After more than 150 Vietnam combat missions in the F-8 Crusader, Switzer was selected for the Blue Angels because of his flying skill and reputation. After a brief transition at the F-4 RAG he “spent two years flying tight formations with minute throttle and control changes.” He then went back through the RAG before joining the “Screaming Eagles” of VF-51 aboard the USS Coral Sea (CV-43) for a deployment that saw the end of the Vietnam War as well as the Mayaguez incident. (note 1)
He has the fewest comments about carrier landing in the F-4. It was bigger and heavier than the F-8, but was well-designed and the two J79 engines provided ample thrust at low altitude for carrier landings. “The F-4 was the most honest of these three. It was responsive and reliable. I enjoyed it. It was the most predictable.” He said the approach speed of the F-4 was a little slower than the F-8, but that wasn’t significant – the F-4’s flying characteristics made the difference.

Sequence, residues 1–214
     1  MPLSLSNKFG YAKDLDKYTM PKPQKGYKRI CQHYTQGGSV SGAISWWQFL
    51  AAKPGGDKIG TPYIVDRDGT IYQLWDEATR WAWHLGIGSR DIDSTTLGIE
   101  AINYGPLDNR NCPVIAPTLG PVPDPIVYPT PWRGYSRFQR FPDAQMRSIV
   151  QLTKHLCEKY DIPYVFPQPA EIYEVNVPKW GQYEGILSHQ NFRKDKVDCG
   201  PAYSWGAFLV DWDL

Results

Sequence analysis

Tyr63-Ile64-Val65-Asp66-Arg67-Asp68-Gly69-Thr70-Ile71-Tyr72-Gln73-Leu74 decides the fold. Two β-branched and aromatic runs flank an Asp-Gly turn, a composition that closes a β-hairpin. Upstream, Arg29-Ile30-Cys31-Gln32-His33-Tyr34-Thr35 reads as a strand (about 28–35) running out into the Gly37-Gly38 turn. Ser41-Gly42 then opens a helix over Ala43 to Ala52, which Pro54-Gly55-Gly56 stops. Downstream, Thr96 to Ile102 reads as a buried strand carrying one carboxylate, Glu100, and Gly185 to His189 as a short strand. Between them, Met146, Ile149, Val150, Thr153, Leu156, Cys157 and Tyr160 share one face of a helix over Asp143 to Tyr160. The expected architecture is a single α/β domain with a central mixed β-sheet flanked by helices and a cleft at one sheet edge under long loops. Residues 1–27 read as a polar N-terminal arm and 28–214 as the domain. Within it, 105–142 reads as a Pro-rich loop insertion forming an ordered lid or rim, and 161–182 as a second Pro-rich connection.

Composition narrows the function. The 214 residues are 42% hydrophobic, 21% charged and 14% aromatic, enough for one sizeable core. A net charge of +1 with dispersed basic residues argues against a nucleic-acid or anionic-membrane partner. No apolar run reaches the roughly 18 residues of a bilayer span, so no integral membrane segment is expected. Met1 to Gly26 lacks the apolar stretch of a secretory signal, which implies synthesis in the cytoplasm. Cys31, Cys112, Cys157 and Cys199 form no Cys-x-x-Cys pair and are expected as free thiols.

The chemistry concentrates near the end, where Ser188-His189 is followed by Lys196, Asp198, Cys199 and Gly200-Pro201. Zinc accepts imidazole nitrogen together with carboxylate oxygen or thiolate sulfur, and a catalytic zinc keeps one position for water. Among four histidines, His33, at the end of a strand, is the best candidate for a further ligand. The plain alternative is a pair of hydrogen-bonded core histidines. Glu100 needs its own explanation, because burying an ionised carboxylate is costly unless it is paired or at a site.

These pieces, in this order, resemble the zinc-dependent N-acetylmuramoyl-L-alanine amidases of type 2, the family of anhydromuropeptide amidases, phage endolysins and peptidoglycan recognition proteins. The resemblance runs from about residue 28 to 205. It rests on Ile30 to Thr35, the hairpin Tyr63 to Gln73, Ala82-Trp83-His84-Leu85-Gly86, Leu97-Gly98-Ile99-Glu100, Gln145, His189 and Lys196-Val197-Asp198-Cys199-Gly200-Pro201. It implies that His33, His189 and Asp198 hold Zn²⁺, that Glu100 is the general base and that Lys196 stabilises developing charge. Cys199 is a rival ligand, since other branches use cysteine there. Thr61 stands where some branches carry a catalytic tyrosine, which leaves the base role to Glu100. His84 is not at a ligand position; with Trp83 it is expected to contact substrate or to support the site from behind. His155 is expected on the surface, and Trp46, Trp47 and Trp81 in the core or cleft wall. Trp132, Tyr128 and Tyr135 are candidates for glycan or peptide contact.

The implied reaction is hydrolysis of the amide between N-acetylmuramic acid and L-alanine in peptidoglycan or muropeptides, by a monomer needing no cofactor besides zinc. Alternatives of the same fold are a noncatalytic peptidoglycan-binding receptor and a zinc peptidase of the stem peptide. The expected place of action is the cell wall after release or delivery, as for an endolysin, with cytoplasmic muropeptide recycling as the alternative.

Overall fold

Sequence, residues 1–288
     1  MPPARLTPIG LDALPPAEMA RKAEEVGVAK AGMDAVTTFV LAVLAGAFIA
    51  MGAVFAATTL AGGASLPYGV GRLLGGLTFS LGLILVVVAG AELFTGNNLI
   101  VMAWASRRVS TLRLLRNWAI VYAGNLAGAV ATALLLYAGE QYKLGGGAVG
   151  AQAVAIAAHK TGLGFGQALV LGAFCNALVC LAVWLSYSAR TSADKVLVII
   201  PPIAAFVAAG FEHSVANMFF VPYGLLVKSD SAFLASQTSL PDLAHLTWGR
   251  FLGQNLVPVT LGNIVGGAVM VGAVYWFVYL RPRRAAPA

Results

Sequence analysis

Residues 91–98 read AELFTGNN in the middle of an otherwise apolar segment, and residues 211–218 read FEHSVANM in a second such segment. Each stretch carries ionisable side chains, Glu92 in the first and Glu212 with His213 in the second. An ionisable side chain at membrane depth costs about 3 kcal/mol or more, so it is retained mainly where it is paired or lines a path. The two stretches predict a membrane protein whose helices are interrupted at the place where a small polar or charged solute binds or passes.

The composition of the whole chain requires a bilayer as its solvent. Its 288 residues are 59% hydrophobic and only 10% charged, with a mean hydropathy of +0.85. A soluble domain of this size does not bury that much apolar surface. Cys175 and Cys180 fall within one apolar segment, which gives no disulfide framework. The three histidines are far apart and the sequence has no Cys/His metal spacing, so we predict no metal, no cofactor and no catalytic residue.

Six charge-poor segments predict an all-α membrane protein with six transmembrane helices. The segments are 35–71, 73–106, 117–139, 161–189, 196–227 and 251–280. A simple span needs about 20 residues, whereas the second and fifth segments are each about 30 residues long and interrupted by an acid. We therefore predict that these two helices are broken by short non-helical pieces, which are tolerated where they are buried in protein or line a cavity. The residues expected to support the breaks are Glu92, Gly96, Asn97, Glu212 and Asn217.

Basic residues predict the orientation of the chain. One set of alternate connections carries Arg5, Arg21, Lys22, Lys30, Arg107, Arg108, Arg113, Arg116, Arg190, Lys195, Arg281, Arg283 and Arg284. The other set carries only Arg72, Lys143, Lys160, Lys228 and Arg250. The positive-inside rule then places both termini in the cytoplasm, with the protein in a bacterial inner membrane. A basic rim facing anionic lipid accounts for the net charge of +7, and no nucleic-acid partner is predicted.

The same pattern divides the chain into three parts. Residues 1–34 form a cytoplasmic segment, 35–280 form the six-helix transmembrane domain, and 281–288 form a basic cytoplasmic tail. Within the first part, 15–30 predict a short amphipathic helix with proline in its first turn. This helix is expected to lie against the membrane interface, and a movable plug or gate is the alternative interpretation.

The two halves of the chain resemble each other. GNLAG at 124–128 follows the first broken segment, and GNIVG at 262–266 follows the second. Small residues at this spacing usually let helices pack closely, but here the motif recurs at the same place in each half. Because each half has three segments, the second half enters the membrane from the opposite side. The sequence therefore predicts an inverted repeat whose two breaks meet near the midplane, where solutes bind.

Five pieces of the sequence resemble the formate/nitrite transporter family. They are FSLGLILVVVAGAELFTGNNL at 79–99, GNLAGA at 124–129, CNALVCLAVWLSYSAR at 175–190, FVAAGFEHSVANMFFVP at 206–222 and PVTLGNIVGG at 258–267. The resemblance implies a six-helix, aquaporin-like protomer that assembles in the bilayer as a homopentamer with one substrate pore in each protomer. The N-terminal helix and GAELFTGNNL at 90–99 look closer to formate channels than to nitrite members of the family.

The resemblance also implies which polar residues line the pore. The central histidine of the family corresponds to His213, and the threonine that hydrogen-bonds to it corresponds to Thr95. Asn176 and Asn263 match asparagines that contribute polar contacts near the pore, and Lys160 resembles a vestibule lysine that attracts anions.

Adding to his comments about the F-4, Switzer said you could almost fly the ball by listening to the ECS (environmental control system). “It was loud and it had a distinctive sound at the right throttle setting.” On the other hand, he did not like the auto throttles (note 2): “The system wasn’t reliable. I tried it once and it really messed up my pass! Never used them again.”
Switzer received transition training at the F-14 RAG before serving as an air wing operations officer. He was then selected for squadron command and reported to the “Fighting Renegades” of VF-24 as executive officer before fleeting up to commanding officer.